- Atmel Tiny861a AVR, 1.8-5 V power input, DIL-20 package, three PWM channels, 8 KB program memory, 512 B RAM, many ADC channels and general-purpose I/O pins.
- Step-down converters
- Driven by Microchip MCP14628 synchronous buck driver (one PWM input, drives two MOSFETs). MOSFETs are International Rectifier IRL6372PBF (two "digital" transistors in a single SO-8 package). Current regulation is done by measuring voltage on a 0.033 Ω resistor serially connected to the LED. For the 2500 mA converter, a large 220 μH/2.5 A coil is used together with 47 μF electrolytic capacitor; the ADC for regulation works in single-ended mode. For the smaller converter, a smaller 470 uH/450 mA coil and a 10 μF ceramic capacitor is used, and the ADC works in differential mode.
- Step-up converter
- The MOSFET (one half of IRL6372PBF) is driven directly from the ATTiny pin. The converter contains a generic Schottky diode, a 470 uH/450 mA coil, and a 10 μF ceramic capacitor. Current regulation is also done by measuring voltage on a 0.033 Ω resistor by ATTiny ADC in differential mode.
- Power regulator
- The power source for the CPU is made from Microchip MCP1710AT +5V 250 mA low drop out, low idle current regulator. The power source can be disconnected using a jumper in order to avoid power leakage to the high-current parts during the in-system programming, which has its own power source.
- Ambient light sensor
- 75K-5M photoresistor is used as an ambient light sensor. In order to remain under the 1.1 V (the maximum value of ATTiny A/D converter in single-ended mode), it is accompanied by two resistors, so the voltage range is between about 0.25 and 1 V.
- Battery voltage sensor
- Made from 1M5 and 100K resistors, read by a single-ended ATTiny ADC pin.
I wanted to add a brake lever sensor to the system. I have decided to use a Hall effect sensor and a magnet instead of a microswitch, because of its size. The problem was that Hall effect sensor needs constant current in range of miliamperes, which goes against my "software power-off" design. So the power to the sensor has to be provided by an ATtiny pin. However, I have only three wires for the handlebar connector on my board (GND, PA3, and PA4). Since the PA4 pin can also be used as A/D converter, I have decided to read the two buttons and the brake lever sensor using this ADC port, and use different voltages to distinguish between the switches. This way I can on-demand power the Hall probe using the PA3 pin, and even use one of the switches for waking the system from the sleep. The schematics is as follows:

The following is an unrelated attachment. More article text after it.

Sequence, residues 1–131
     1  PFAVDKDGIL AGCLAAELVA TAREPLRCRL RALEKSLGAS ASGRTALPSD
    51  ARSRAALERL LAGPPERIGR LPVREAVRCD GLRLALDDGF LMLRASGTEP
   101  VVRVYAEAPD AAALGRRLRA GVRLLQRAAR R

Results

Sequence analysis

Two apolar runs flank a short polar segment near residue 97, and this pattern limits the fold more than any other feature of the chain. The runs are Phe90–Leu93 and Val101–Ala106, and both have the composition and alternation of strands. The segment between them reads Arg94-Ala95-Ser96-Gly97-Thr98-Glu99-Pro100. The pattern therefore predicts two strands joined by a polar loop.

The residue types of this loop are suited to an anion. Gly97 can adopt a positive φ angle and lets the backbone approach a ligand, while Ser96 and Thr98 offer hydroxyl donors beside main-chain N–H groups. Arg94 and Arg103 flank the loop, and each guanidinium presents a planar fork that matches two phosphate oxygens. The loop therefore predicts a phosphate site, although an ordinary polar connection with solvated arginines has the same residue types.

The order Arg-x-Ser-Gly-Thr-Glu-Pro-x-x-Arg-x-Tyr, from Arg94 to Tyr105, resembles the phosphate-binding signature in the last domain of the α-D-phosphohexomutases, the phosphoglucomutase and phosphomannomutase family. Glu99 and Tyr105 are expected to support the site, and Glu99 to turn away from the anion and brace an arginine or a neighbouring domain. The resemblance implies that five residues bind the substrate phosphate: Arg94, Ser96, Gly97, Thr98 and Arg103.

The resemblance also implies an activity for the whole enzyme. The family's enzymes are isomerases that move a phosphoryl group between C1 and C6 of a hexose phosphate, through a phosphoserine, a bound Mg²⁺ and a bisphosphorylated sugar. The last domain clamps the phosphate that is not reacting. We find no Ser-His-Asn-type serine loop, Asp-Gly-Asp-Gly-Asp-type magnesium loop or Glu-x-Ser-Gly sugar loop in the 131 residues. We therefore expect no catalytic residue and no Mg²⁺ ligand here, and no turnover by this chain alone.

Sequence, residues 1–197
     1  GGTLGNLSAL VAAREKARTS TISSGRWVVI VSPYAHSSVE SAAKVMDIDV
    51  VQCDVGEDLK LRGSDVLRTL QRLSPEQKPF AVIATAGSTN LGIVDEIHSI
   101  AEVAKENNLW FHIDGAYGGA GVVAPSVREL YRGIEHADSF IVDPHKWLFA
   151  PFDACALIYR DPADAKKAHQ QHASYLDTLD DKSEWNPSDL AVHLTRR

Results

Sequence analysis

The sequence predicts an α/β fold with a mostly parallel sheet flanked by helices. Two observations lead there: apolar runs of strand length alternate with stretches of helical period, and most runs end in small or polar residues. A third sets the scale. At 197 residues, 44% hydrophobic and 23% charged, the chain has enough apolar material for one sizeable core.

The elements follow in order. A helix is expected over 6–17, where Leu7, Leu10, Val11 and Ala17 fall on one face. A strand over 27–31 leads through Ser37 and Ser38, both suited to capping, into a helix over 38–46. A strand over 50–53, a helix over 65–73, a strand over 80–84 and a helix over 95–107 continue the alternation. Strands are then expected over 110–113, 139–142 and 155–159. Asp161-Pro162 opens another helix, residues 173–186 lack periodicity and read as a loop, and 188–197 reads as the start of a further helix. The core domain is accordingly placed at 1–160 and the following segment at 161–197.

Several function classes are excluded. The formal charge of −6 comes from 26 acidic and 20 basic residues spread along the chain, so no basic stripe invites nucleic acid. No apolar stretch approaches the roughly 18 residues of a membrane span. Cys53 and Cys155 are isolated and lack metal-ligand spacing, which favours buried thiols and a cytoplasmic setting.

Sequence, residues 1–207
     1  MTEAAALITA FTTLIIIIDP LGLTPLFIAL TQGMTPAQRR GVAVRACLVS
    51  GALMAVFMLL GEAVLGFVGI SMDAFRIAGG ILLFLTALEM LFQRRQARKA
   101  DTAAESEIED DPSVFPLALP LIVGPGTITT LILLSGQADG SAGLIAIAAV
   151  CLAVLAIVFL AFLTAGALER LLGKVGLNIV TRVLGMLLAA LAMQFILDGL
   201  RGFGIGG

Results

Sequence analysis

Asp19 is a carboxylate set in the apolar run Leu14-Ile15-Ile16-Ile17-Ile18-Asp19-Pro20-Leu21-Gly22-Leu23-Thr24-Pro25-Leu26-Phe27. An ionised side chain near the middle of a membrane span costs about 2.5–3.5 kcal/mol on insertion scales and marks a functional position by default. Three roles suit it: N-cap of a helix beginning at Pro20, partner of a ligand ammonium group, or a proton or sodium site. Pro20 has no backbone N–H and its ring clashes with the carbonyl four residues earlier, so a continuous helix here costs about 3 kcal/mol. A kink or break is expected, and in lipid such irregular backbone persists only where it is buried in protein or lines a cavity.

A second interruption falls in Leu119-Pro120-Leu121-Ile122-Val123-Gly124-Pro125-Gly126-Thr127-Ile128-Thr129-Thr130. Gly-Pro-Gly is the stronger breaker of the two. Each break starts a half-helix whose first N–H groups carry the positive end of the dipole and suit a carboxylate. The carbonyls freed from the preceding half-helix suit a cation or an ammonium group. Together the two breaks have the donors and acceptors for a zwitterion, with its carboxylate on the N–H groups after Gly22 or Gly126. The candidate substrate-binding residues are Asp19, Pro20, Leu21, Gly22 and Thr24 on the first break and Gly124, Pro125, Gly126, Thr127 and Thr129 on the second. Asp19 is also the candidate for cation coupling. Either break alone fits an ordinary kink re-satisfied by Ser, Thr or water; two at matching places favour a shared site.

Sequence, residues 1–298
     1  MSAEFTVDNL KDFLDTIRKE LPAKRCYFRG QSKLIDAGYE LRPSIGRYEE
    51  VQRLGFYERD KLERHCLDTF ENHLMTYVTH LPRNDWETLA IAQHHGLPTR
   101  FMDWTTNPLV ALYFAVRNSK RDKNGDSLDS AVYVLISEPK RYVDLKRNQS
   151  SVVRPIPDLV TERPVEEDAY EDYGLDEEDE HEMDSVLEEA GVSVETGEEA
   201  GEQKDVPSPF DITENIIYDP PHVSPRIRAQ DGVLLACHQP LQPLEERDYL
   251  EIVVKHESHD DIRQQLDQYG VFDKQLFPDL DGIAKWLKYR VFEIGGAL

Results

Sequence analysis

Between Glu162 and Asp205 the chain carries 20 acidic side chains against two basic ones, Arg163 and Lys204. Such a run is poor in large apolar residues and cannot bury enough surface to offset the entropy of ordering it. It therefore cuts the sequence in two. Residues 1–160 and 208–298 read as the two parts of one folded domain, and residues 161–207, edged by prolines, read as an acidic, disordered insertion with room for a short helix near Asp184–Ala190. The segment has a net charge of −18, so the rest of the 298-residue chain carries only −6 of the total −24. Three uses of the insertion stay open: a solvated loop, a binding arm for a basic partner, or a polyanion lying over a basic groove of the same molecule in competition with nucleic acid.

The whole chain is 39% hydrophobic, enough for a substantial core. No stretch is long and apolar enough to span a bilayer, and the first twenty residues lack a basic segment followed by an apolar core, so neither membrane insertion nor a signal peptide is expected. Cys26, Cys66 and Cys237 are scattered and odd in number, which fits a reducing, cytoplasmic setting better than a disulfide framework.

I use Honeywell SS341RT unipolar Hall probe, and a small (1x2 mm) neodymium magnet, which is the fragment of the magnet from the broken hard drive. The switches handle the following states:
- When the system is off, PA3 is in third state, and PA4 has an internal pull-up resistor enabled, and S1 can wake the system up using PCINT4.
- When the system is on and I want to read the state of the switches and
the Hall probe, I can configure PA3 as output and set its state to logical 1.
- When PA4 in the digital input mode reads as one, all switches are off.
- When it reads as zero, I can switch PA4 to the ADC mode and read the voltage, which gives us the state of switches and the Hall probe.
- Mark Haun's LED bike light - a similar project to this one; for one LED, with a different step-down converter chip, creative-commons
- Buck converter page at Wikipedia
- Boost converter page at Wikipedia
- MCP 14628 synchronous buck driver datasheet
- ATTiny861a datasheet
- AVR libc homepage
- Kamil Řezáč's AVR Bike Light project has its pages on SourceForge and on Google Code.